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Why it’s important to do a risk assessment for your business

It’s essential that once you have decided on a business idea for your student enterprise that you carry out what’s called a Risk Assessment.

A Risk Assessment will ensure that you do not put yourselves or anyone else at risk as a result of your business activities.

When doing your ‘Risk Assessment’ you must look at the following four areas:

  1. How your product/service is produced
  2. How your product/service is assembled
  3. How your product/service is sold
  4. How your product/service is used

With regard to these four areas above, ask yourselves these three key questions:

  1. What hazards or dangers could arise from your design?
  2. How serious is this risk?
  3. What do you need to do to eliminate or reduce these risks?

It’s important to spend time assessing all the potential risks and discussing how you can eliminate them with your fellow team mates and enterprise teacher. Also, don’t be afraid to ask for opinions of others such as parents, siblings, aunts, uncles etc…. as sometimes someone not so close to the idea can spot things you may not.

A word on manufacturing

If your team is involved in manufacturing, the possibility for damage is greater and even seemingly harmless products can sometimes pose a danger. If your team is involved in manufacturing, you must be particularly diligent with your Risk Assessment.

For example, take natural handmade soap. This seems perfectly straightforward. One of the ingredients is lye, which is tremendously corrosive to skin. So there is a risk both to the students making the product and the users.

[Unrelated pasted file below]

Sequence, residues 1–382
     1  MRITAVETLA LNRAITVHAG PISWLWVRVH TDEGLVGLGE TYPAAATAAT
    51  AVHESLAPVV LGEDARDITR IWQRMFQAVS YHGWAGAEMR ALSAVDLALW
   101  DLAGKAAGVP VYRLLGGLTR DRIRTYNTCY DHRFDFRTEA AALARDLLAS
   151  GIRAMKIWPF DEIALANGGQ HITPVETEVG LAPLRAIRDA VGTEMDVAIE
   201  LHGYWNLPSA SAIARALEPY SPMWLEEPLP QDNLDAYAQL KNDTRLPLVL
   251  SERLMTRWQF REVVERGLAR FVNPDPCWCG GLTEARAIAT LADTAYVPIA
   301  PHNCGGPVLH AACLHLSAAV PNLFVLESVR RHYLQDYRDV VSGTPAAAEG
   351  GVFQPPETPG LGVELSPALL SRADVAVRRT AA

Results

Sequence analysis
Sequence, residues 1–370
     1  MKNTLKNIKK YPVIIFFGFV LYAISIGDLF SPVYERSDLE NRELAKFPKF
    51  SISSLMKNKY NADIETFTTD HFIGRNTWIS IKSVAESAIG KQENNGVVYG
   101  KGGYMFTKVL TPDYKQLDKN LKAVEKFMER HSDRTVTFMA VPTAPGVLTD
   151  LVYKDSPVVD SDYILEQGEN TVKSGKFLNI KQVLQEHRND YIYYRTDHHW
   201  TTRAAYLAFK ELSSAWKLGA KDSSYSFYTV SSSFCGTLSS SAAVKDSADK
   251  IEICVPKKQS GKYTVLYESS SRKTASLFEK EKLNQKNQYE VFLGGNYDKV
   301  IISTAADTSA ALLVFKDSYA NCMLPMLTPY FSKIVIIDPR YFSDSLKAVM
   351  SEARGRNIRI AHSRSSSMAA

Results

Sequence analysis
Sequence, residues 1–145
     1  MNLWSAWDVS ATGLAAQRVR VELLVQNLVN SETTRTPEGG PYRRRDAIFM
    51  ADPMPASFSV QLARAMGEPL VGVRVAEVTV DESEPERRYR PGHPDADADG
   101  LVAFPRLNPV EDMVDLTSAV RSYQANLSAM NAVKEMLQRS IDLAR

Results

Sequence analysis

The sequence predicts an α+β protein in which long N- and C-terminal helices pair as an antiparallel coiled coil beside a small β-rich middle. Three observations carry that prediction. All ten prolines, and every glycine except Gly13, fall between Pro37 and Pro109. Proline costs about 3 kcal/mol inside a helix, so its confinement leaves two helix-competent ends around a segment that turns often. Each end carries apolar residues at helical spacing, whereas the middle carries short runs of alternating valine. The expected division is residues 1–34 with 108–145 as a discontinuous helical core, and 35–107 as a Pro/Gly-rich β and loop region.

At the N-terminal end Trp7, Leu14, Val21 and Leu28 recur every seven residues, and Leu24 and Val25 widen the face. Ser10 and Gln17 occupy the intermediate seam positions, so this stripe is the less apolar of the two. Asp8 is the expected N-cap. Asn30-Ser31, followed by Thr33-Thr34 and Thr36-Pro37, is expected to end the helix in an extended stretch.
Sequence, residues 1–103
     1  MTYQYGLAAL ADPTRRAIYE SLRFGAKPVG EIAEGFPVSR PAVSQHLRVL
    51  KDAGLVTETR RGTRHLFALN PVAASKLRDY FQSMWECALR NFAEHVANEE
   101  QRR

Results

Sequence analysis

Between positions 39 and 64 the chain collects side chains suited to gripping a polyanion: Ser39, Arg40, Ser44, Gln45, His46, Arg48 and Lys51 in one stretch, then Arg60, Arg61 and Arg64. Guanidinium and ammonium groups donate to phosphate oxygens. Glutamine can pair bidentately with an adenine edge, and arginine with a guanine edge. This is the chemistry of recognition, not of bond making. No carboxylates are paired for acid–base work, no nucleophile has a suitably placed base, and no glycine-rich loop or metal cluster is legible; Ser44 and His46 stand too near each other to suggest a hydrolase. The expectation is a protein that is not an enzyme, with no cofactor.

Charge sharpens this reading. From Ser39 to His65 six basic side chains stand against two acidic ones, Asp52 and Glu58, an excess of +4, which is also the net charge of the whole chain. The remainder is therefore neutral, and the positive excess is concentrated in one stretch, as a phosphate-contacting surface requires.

Be particularly cautious of products that are ingested or applied to the skin, as quality control is critical here. There are many rules, regulations and laws regarding personal products, so research is key in this area of business production.

Rule of thumb for safety: “When in doubt, Don’t!”

Safe System of Work Plan (SSWP)

Students are encouraged to implement a ‘Safe System of Work Plan (SSWP)’.

Essentially this means:

  • Planning the activity
  • Identifying the hazard
  • Identifying the control
  • Signing-off

Put in place a written system for how risk has been eliminated or reduced during the design process and how you have communicated information on any remaining risks.

If you are designing a product, you must ensure that the product is safe, can be maintained safely and complies with all relevant safety and health legislation.

The following are some examples of safety considerations in common products:

Rain Harvesting and Storage Container:       

Ensure product has secure lock on cover to ensure it cannot be opened by young children.

Food Products:

Ask the Home Economics teacher for oversight on preparation, health and safety and adherence to HSE guidelines

Children’s Toys:

If the item has small Parts mean it must be labelled as unsuitable for children under 3 years old as it could pose a choking hazard. Check out Irish and European standards and regulations on children’s products and safety.

Chargers and Associated Electronic Gadgets:

Ensure any items that are designed by you or bought in Ireland or from abroad with a view to selling on to customers have CE marking and are in line with all safety regulations.

Useful Links

The above information has been adapted from the ‘Production’ chapter in the Student Enterprise Programme Teachers’ Handbook, which was compiled and written by Brian Dolan. The Teachers’ Handbook is available to download here.